“It’s out of my hands, I don’t pay attention to it,” said Fulmer, who turns 25 in March. “Al said they gotta listen on some things, which I don’t blame them. But I love it here, hope to stay here for a while.”

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You hope to stay even though you might spend your prime years toiling on a non-contender?

“I don’t see it as a rebuilding stage,” Fulmer said. “I see it as a bunch of younger guys trying to compete and push each other. We got nothing to live up to, according to everybody else. So there’s no pressure, none at all.”

That’s what players must say on a team pegged to lose about 100 games. Baseball is the ultimate one-on-one game within the game, and long-term plans can’t affect individual performance.

'He's an animal'

Fulmer is determined to show his subpar 2017 season — 10-12, 3.83 ERA — wasn’t who he is. He battled the nerve issue all year, occasionally shaking his numb right arm on the mound. At times, he admits it got scary. Even though the ulnar nerve transposition surgery was considered relatively routine and the rehabilitation a smooth three-month process, it was, well, nerve-wracking, and Fulmer’s relief now is palpable.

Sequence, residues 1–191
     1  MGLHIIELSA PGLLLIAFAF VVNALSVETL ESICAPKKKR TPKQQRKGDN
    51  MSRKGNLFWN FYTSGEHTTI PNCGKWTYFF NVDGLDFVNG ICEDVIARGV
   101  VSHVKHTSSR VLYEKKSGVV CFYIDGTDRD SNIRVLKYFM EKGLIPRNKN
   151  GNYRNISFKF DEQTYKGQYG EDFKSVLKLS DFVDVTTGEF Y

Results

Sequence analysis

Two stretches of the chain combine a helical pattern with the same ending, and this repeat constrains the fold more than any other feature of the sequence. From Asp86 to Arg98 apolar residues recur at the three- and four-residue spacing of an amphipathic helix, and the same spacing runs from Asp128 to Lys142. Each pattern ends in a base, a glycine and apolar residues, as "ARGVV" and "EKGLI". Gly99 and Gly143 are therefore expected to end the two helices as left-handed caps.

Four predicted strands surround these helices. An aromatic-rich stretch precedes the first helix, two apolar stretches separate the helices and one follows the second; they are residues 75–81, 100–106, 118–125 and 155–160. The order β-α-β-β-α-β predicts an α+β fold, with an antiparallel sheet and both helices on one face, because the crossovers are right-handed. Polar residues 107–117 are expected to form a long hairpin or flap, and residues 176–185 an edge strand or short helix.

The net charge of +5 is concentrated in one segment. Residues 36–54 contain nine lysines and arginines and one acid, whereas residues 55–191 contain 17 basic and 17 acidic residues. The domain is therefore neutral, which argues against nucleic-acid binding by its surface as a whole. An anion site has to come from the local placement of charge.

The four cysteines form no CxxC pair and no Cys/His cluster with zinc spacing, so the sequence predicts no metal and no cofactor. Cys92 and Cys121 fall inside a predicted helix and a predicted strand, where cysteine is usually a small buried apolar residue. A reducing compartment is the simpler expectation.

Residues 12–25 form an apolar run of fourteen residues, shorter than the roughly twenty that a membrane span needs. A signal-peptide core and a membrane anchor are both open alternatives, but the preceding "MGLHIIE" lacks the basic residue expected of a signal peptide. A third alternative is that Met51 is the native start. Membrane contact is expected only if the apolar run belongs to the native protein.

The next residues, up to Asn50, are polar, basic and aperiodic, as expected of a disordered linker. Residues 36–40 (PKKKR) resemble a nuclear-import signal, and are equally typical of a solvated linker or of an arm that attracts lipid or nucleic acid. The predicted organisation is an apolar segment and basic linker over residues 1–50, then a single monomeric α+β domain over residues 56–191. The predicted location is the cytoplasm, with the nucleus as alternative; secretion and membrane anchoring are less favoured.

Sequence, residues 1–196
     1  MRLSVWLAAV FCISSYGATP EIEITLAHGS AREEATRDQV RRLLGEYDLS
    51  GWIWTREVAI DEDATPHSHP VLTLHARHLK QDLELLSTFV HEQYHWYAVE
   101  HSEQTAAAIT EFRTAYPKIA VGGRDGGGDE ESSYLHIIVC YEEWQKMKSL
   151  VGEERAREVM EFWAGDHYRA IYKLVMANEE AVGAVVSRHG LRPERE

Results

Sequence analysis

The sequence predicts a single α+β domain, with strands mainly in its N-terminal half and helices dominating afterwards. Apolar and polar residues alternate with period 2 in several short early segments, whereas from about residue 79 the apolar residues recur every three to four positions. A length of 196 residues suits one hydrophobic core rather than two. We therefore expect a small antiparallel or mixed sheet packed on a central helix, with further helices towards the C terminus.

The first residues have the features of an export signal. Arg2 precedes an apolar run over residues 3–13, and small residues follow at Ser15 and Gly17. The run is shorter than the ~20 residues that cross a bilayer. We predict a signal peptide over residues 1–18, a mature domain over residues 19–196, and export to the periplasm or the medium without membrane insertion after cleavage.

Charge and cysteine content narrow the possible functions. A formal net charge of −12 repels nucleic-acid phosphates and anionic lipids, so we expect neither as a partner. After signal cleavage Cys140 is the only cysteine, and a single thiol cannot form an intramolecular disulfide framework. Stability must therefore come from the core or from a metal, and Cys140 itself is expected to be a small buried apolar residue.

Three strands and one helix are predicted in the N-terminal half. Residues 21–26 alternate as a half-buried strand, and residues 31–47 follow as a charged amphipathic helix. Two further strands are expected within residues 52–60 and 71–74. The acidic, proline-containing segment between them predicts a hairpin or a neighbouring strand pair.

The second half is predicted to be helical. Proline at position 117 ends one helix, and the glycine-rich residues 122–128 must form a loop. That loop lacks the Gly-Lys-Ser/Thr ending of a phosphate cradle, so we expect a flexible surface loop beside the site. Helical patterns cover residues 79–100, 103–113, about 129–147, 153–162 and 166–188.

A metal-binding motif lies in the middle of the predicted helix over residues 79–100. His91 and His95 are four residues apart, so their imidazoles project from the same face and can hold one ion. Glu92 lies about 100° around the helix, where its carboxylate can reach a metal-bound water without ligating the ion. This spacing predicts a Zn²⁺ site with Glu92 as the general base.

“I’m not gonna say last year was a terrible year for me, but I wasn’t happy with it,” he said. “So I’m glad we got in there and fixed the problem that’s been bothering me for a couple years — it was getting to the point where it wasn’t safe at all. I couldn’t be happier now with where we are. When healthy, I know what I can do and what this team can do.”

He pitched through it during his stellar 2016 season, when he was 11-7 with a 3.06 ERA and won the AL Rookie of the Year. Fulmer’s style is all about bulk and power, and he figures he can return to that form if he’s not worrying about the next time he feels a twinge in the elbow.

One guy who has watched from a distance can’t wait to see it.

“Not very many pitchers, when they’re healthy, can stand out there and just throw fastballs past people,” manager Ron Gardenhire said. “He’s that guy. He’s an animal.”

Not in the technical sense, although Fulmer’s beard remains sufficiently bushy. But you get the feeling he’d rather be called an animal than an ace, because he isn’t interested in elevating himself above others.

It’s a solid leadership trait, the ability to exhibit star qualities without diminished work ethic, kind of like Verlander. It’s one of the reasons you suspect Fulmer should be a long-time Tiger, except that so much is changing so quickly around here, one never knows. There are no untouchables, and that’s fine with him.

It’s up to others to set and reset the big picture. For Fulmer, who has been working out in Lakeland the past month already, it’s about the smaller frames, and maintaining the sweet, pain-free release of a baseball.

“Everything’s ahead of schedule right now,” he said with a smile. “Hopefully, I stay on that path.”

If he stays on that path, it could lead him just about anywhere.